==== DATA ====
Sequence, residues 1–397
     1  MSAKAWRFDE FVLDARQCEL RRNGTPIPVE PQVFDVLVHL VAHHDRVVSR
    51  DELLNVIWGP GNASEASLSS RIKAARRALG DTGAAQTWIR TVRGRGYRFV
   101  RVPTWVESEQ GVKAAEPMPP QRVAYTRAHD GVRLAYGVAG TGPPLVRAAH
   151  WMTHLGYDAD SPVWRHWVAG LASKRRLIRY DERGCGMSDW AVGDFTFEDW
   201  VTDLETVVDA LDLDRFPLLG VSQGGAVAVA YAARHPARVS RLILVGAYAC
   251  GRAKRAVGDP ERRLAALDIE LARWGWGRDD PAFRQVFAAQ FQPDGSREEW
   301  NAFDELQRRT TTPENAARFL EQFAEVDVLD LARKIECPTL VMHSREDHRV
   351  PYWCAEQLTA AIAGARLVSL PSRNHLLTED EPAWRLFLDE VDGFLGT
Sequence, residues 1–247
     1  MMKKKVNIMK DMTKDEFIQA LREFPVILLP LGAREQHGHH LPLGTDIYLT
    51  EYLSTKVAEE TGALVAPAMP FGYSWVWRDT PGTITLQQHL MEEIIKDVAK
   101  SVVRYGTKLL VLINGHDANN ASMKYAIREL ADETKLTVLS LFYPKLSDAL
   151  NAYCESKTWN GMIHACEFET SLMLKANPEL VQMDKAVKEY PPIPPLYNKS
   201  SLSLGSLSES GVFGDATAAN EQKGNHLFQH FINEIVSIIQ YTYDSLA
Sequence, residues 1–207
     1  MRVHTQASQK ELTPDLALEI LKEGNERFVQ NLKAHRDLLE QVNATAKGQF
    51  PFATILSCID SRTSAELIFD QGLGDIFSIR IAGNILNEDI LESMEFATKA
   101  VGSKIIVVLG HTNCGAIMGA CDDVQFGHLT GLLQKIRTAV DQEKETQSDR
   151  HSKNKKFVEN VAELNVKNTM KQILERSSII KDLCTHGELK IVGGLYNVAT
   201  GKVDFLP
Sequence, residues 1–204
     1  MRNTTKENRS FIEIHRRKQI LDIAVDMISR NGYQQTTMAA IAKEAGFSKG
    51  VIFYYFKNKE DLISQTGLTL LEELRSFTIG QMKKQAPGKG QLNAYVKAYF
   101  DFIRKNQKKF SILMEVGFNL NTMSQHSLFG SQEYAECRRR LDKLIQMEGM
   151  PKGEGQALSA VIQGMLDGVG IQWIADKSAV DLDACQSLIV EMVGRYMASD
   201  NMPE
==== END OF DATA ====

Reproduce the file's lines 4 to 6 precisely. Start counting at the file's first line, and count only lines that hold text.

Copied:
   101  RVPTWVESEQ GVKAAEPMPP QRVAYTRAHD GVRLAYGVAG TGPPLVRAAH
   151  WMTHLGYDAD SPVWRHWVAG LASKRRLIRY DERGCGMSDW AVGDFTFEDW
   201  VTDLETVVDA LDLDRFPLLG VSQGGAVAVA YAARHPARVS RLILVGAYAC